£13,500 Starter - £23,000 Experienced
38 to 40 variable (evenings / weekends / bank holidays as customers demand)
Where to start
You can get into this job through
a college coursean apprenticeshipworking towards this rolevolunteeringspecialist courses run by professional bodies
There's no set entry route but you may find it useful to do a college course, which would teach you some of the skills and knowledge you need in this job. Subjects include a Level 2 Certificate in Horse Care or a Level 3 Diploma in Equine Management.
You'll usually need 2 or more GCSEs at grades 9 to 3 (A* to D), or equivalent, for a Level 2 course. You'll need 4 or 5 GCSEs at grades 9 to 4 (A* to C), or equivalent, for a Level 3 course.
Apprenticeships that you could work up to this role from include a Level 2 Equine groom or a Level 3 Senior equine groom.
You'll usually need some GCSEs, usually including English and maths, or equivalent, for a Level 2 apprenticeship. You'll need 5 GCSEs at grades 9 to 4 (A* to C), or equivalent, including English and maths, for a Level 3 apprenticeship.
You could start as a stablehand or groom and with further training and experience, work your way up to become a riding holiday leader.
Volunteering and seasonal work at a local stables or riding centre can be a good way to get started.
You could take a ride leader course, like those offered by The British Horse Society.
What it takes
Skills and knowledge
- leadership skills
- the ability to work on your own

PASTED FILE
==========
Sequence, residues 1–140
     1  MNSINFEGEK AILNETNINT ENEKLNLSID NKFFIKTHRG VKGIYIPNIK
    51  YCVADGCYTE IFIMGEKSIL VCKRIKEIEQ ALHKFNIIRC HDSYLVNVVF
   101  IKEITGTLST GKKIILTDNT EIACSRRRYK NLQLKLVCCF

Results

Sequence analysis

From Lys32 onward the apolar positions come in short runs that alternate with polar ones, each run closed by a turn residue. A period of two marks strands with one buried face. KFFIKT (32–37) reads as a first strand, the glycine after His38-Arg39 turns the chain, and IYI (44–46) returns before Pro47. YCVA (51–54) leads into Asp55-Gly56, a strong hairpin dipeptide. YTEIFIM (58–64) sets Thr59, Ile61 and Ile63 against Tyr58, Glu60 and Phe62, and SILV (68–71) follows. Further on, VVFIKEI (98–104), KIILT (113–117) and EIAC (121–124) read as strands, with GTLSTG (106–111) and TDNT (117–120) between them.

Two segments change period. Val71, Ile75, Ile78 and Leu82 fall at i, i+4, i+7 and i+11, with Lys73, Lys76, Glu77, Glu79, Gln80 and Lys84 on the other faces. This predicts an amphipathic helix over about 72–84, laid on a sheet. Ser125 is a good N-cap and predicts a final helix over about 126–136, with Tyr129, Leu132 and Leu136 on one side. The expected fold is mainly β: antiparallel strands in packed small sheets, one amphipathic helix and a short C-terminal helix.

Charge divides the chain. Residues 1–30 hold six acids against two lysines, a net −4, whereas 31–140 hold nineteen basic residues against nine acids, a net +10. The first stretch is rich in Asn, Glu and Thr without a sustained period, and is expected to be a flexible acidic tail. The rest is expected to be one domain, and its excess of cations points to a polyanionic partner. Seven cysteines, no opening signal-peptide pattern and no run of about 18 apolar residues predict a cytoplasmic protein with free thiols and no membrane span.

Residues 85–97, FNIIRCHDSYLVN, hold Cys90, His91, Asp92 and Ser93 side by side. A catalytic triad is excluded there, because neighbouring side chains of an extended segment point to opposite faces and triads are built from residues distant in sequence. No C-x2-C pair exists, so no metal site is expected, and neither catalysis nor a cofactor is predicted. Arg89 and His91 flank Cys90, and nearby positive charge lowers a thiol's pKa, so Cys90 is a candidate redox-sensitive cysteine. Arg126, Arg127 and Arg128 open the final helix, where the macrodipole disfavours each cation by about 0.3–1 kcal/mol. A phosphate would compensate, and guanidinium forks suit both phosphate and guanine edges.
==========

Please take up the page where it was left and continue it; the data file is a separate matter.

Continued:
- knowledge of public safety and security
- the ability to work well with others
- patience and the ability to remain calm in stressful situations
- sensitivity and understanding
- excellent verbal communication skills
- to be thorough and pay attention to detail
- to be able to carry out basic tasks on a computer or hand-held device
Restrictions and Requirements
You'll need to be over 16 years of age
have a first aid certificate. You might also need to pass enhanced background checks, as you may be working with children and vulnerable adults.
What you’ll do
- assess riders' abilities
- make sure riders are wearing the correct clothing
- explain safety procedures and basic riding techniques, like mounting, dismounting and stopping
- take riders out on treks
- organise yard staff
- supervise assistants and other junior staff
- train assistant ride leaders
You could work at a riding stable.
Your working environment may be physically active and outdoors in all weathers.
You may need to wear safety clothing and use safety equipment.
Career path and progression
You could move into a management position, like a riding holiday centre manager.